When we tried the first iteration of Rustoleum’s seemingly magic, liquid-repelling spray, we were actually pretty damn impressed — water beading off toilet paper rolls! Now, though, NeverWet’s come out with a version that doesn’t leave a gross residue. And while this new NeverWet may indeed be less sticky, it is a hell of a lot more wet.
The main problem with the original hydrophobic spray was that it left a thin, chalky glove covering a treated object and everything it came into contact with. Not so with the outdoor fabric spray; as you can see from the below post-treatment photos, NeverWet Outdoor Fabric dried almost totally clear and with minimal, if any, residue.
Convenient! Unlike the actual treatment process. The application instructions read as follows:
Use outdoors or in a well ventilated area. Use when temperature is above 50ºF (10ºC) and humidity is below 85% to ensure proper drying. Avoid spraying in windy or dusty conditions. Allow to dry outside for 24 hours before use.
So if you live anywhere even remotely rainy. Or humid. Or windy. Or dusty. Or if it’s winter. Or late fall. Or early spring. If any of those apply, there’s a good chance you will be out of luck. Granted, the original NeverWet had an even more time consuming (and slightly more toxic) application process in general, but at least you weren’t confined to the tiniest sliver of workable weather conditions. To make sure we were giving our chosen specimens the best chance at success possible, it took us two and a half weeks after receiving the product to finally be graced with a day suitable to NeverWet’s many needs.
Once we did finally start spraying, we hit a few of the same road bumps as we did when we tested the original NeverWet. The bottles claim to cover 20 to 60 square-feet each, depending on what you’re spraying. It took us about three bottles just to cover the shirt, diaper, sponge, and formerly delicious snack cake you see below. And just like last year’s version, the spray itself comes paired with a nice throat-burning sensation and a general scent of poison.
If you ever want to cover anything actually substantial (say, the outdoor patio furniture this product is intended for), you are going to need to shell out for a whole lot of NeverWet. At $US15 a pop, that can add up quick. And what’s more, it’s probably not worth it in the first place.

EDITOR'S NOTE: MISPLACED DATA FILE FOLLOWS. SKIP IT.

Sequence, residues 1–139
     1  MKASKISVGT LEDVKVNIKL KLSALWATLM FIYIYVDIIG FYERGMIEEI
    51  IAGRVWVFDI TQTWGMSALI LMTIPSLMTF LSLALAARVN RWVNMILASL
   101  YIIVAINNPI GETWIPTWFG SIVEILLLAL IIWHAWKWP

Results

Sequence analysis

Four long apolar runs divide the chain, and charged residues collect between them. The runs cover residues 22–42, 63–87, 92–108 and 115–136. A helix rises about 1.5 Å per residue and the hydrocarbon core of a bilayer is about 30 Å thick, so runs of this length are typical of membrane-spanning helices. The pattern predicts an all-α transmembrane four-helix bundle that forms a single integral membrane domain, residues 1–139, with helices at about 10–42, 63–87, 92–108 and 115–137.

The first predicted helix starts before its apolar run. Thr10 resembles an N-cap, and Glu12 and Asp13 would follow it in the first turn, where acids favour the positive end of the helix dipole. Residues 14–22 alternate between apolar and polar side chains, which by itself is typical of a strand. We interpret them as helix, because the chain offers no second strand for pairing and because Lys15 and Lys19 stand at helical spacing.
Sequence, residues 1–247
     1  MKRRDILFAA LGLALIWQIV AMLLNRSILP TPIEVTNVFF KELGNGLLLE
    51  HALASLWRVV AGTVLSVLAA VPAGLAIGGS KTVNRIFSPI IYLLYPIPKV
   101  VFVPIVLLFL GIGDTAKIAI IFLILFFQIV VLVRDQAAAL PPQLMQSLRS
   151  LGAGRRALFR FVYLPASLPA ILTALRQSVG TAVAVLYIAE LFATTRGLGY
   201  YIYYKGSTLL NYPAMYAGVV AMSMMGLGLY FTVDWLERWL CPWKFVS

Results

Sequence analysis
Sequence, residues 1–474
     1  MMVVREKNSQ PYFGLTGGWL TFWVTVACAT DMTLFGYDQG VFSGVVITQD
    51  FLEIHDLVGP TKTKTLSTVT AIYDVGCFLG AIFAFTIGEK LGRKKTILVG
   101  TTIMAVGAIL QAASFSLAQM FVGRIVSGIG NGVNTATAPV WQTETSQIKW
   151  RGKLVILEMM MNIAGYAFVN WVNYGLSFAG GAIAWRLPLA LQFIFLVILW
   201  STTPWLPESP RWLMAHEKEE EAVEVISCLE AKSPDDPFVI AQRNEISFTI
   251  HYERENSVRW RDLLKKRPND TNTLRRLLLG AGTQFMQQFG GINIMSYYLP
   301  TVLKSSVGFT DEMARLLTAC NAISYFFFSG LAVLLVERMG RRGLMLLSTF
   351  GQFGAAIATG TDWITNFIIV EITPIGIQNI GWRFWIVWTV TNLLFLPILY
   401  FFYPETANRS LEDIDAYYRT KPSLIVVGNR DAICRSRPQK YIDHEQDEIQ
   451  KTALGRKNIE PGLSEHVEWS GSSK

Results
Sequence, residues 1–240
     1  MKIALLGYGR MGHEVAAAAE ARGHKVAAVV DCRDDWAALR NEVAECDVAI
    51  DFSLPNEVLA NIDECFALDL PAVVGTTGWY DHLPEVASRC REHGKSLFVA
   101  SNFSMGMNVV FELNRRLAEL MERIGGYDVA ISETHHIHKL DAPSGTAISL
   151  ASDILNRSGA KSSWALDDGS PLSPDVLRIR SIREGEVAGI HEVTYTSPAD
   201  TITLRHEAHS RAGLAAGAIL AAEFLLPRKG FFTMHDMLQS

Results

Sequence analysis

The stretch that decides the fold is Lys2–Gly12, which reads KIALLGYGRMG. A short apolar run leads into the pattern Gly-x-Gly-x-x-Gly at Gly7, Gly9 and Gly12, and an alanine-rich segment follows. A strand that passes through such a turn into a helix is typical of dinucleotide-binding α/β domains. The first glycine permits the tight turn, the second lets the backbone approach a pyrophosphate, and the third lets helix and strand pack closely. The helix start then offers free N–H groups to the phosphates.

While the first NeverWet did have that unsavory residue problem, at least it kept your shit dry. It was for heavy duty jobs, after all, a little stickiness sloughing off is understandable. But this batch is for your more delicate needs. Your sneakers, shirts, gloves, jackets, tablecloths, etc. And for what it’s worth, Rustoleum definitely took that into consideration — it does dry to a near-invisible silky sheen. But with the less aggressive spray comes a far less effective product.
The sponge might as well have been freshly unwrapped. Unlike the original NeverWet-ed sponge before it, this sucked up water no problem. In fairness, it’s not meant for sponges. But the shirt didn’t hold up much better. There was barely any beading, and it didn’t take more than a few seconds of pouring before the garment was pretty much soaked.
With the diaper, we decided to see if maybe going to to town would help. And after expunging an entire bottle and a half of NeverWet on the baby bottoms, it sort of did! Water beaded for a good 30 seconds before totally permeating the fabric, at least. Which is more than we can say for the shirt. Also, never put NeverWet on something a baby will wear.
But! We did get an almost entirely impenetrable snack cake for a solid minute or so, which probably doesn’t say a whole lot about the snack cake but does at least show, with less porous materials, the new NeverWet can get the job done. It’s just too bad most fabric happens to be porous.
And either way, what we ended up with was nothing like what was being advertised:
Now, it should be noted that if you were to use NeverWet on, say, an umbrella or outdoor patio, furniture it would probably fair a little better. As you can see in the video below, it does at least help prevent stains on outdoor fabric. Does gunk bead and/or wipe off with the ease above? Not quite, and you’d probably have to reapply (god knows how many bottles) each time whatever you were hoping to keep dry would be getting any sort of heavy use.
Still, you have to use an absurd amount of product to cover such a small area. To do the same for the shirt that we did for the diaper, we would have needed to have gone through five or six bottles before coming out with something workable. So if you’re hoping this is the magic solution to your cloth-covered needs, you’re probably better off investing in the original set. Or better yet, just get a poncho.